A beetle which hunts its predators
Epomis is a genus of Carabid beetles. Like most Carabid beetles they are predatory, but what makes Epomis special is type of prey it hunts. Take a look at the picture below.
At first glance this may look like this juvenile Epomis sp. is about to get munched by one of its natural predators, an insectivorous frog. If you look closer you might realize that this is not what is happening. The juveniles deliberately lure in much larger insectivores, pretending to be a tasty helpless grub with its movements and its appearance. This grub is anything but helpless. As soon as the frog strikes the larva will bite it's predator and inject a powerful paralytic venom. The helpless frog will then be eaten alive but helpless to prevent it. This is a classic case of the hunter becoming the hunted. Watch it happen here:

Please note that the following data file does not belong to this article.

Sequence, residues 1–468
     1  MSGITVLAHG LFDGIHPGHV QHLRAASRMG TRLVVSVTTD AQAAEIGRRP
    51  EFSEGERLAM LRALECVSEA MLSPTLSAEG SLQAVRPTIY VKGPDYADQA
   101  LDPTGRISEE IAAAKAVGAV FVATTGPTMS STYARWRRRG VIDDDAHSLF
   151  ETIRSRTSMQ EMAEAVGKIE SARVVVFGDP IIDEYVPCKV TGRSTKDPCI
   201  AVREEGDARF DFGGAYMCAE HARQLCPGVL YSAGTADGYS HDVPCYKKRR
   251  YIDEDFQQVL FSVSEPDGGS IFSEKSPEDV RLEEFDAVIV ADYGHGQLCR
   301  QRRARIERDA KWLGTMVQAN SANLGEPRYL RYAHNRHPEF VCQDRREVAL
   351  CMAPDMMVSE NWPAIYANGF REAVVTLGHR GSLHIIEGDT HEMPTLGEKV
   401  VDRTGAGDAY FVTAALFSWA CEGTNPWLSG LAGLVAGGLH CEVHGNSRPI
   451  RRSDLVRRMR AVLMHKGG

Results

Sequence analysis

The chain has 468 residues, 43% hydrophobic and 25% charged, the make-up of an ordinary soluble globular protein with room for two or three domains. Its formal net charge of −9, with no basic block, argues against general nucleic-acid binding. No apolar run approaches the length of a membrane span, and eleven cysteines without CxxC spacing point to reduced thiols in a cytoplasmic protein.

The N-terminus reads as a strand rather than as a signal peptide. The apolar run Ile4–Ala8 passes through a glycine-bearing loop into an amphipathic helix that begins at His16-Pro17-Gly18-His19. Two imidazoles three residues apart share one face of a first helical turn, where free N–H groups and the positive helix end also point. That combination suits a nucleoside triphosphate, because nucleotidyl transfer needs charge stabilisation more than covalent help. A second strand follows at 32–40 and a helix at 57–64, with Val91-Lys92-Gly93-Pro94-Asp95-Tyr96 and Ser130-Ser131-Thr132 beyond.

Of course they are capable of taking down prey that is much bigger than themselves:
They adults often have a fairly cool shiny metallic coloration to them, depending on the species obviously:
The adults are usually a little more proactive in finding their prey and can strip down a carcass fairly quickly:
Epomis has an old world distribution, with Africa containing most of the species diversity, and only a few species in East Asia and five in Europe.
The Carabid beetles are a large family of beetles with over 40,000 species known. There is some debate as to wheather the family is a natural group, (i.e monophyletic). They are from a basal lineage of beetles and are mostly predators or detritivores. This is a little unusual as most highly specious families of beetles belong to the phytophaga clade, and are predominately herbivores.